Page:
Despite criticism for her decision not to jail the perpetrators of a controversial white-collar crime, the Senate Judiciary Committee approved Loretta Lynch this morning to be the next U.S. attorney general, clearing the way for a full Senate vote.
In a 12-8 vote, Lynch received unanimous support from the nine Democrats on the Judiciary Committee and objection from all but three Republicans—Lindsey Graham of South Carolina, Orrin Hatch of Utah, and Jeff Flake of Arizona.
Those who opposed her nomination primarily did so over concerns that Lynch would defend President Obama’s executive actions on immigration, which would grant up to 5 million illegal immigrants protection from deportation and grant them work permits.
“We shouldn’t confirm anyone who supports the legality of the president’s executive amnesty,” said Sen. Jeff Sessions, R-Ala., a member of the committee who voted no.
But that wasn’t the only reason some Republicans chose to oppose Lynch as Attorney General Eric Holder’s replacement.
Earlier this month, The Daily Signal reported on an investigation into Lynch’s decision while serving as U.S. attorney for the Eastern District of New York to not bring criminal charges against banking giant HSBC for an alleged tax evasion scheme.
The bank also faced accusations that its employees funneled millions of dollars to the Iranian government, Middle Eastern terrorists and Mexican drug cartels.
Sen. David Vitter, R-La., a member of the Judiciary Committee, has been leading the probe into her decisions not to jail any HSBC employees for allegedly laundering more than $200 million through its U.S. branches and helping wealthy clients avoid paying taxes.
Headquartered in London, HSBC is one of the world’s largest banking and financial services organizations serving some 51 million customers.
Instead of criminally prosecuting individuals responsible for the money laundering scandal, Lynch helped negotiate a $1.92 billion dollar settlement with HSBC in December 2012.
As for the tax evasion scheme, nearly five years after the Justice Department became aware of the violation, it is still not publically known whether the government has criminally charged HSBC.
Meanwhile, Swiss prosecutors raided the bank’s Geneva headquarters last week over reports that HSBC’s Swiss bank allowed clients to dodge taxes.
“Ms. Lynch has made it clear that she will not stand up to President Obama’s lawlessness, or even egregious cases of white collar crime like HSBC’s money laundering and tax evasion,” said Vitter today in a prepared statement.
During her confirmation hearing for attorney general last month, Lynch said she has been “very aggressive” in pursuing white-collar crime.
Lynch’s Response to the HSBC Investigation
Earlier this week, Lynch responded to inquires from Vitter about her decision to settle the terrorist case with HSBC—and more importantly—the Justice Department’s decision not to go after the bank for its hand in an alleged tax evasion scheme.
Responding to media reports that HSBC shielded clients from their tax liabilities, Lynch said she “does not recall reviewing or being aware” of such information.
Vitter alleges that the Justice Department was aware of such allegations “at least as early as April 2010,” which was well before the December 2012 money laundering settlement was reached.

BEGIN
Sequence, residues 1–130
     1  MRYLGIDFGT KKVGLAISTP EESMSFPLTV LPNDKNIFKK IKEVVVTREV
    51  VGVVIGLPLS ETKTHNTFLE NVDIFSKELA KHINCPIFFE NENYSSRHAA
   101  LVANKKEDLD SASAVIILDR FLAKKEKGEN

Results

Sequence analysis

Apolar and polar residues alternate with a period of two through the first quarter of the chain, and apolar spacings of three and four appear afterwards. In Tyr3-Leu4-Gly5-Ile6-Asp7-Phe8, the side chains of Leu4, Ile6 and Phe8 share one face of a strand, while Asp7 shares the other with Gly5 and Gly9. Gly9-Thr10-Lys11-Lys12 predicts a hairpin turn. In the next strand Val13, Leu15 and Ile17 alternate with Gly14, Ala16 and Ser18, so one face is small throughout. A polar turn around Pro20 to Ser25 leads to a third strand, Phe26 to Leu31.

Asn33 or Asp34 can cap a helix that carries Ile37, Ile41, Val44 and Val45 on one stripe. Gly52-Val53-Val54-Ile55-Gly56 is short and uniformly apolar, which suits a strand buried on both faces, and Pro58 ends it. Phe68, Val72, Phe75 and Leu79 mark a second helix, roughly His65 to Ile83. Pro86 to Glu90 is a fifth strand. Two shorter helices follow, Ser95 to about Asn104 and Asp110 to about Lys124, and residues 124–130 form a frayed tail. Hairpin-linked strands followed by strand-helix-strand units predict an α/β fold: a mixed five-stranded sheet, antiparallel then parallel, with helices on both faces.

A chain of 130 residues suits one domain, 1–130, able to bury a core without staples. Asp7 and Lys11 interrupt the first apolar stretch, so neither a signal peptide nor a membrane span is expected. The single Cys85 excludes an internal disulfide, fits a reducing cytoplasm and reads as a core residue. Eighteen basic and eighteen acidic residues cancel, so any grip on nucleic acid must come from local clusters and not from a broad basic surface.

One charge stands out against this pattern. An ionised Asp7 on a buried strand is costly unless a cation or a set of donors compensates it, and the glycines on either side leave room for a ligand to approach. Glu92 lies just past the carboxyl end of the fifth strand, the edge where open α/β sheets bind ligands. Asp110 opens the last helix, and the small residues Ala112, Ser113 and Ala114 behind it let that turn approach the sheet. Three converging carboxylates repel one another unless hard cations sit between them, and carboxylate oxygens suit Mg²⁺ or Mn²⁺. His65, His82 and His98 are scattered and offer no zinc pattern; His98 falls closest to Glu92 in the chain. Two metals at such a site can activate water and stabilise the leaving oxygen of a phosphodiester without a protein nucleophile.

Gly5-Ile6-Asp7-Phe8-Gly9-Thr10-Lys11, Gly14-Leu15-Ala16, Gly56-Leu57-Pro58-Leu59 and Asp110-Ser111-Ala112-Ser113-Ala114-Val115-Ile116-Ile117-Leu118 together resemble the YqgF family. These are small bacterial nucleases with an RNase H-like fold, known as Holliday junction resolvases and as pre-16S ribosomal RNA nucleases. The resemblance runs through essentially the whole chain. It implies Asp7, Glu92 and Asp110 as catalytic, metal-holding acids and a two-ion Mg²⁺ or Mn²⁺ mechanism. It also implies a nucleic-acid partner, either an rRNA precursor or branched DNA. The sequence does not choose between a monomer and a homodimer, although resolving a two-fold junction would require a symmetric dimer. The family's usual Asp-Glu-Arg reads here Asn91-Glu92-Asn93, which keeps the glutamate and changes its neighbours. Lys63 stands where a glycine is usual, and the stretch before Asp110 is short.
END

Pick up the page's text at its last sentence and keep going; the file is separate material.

“[A]pparently this widely-available information never trickled-down to Ms. Lynch during her negotiations with HSBC for a deferred prosecution agreement,” Vitter said.
Lynch maintains that the settlement with HSBC in the money laundering case—which was negotiated by prosecutors in her former office—does not restrict the Justice Department from pursuing future legal action for the alleged tax evasion scheme.
She would neither confirm nor deny the existence of any pending lawsuit.
“I am not in the position to comment … or even to confirm or deny any particular investigation,” said Lynch in an official response to Vitter’s inquiries. “[B]ut if I am confirmed as Attorney General, I look forward to learning more about the Department’s enforcement efforts in this area.”
The American people “cannot wait for Ms. Lynch’s on-the-job training,” said Vitter in response to her statement, adding:
[T]hey need to know that crimes by banks—no matter how big—will be prosecuted in a timely manner so that their nest eggs are safe and our economy is protected from systemic financial catastrophe. Confirmation of Ms. Lynch would not inspire this much needed confidence.
Lynch said the punishment forced upon HSBC in the money laundering case was “appropriate to address the compliance failures and sanctions violations.”
The terms of the settlement, she said, are “perhaps the most stringent ever imposed on a financial institution,” within the scope the Justice Department was able to pursue.
Lynch’s Long Resume
Lynch, if confirmed by the Senate, would be the first African-American woman to be the nation’s top law enforcement official.
Supporters praise Lynch for her role in prosecuting terrorism, civil rights and political corruption over a decorated prosecuting career.
“There is good reason to believe that Ms. Lynch will be more independent than the current attorney general and make strides toward recommitting the department to the rule of law,” said Hatch, a Republican who voted yes this morning.
Hatch said that Lynch’s record “does not include anything sufficient to overcome the presumption in favor of confirmation.”
The Senate is expected to decide Lynch’s fate in the next two weeks, in what is expected to be a contentious vote.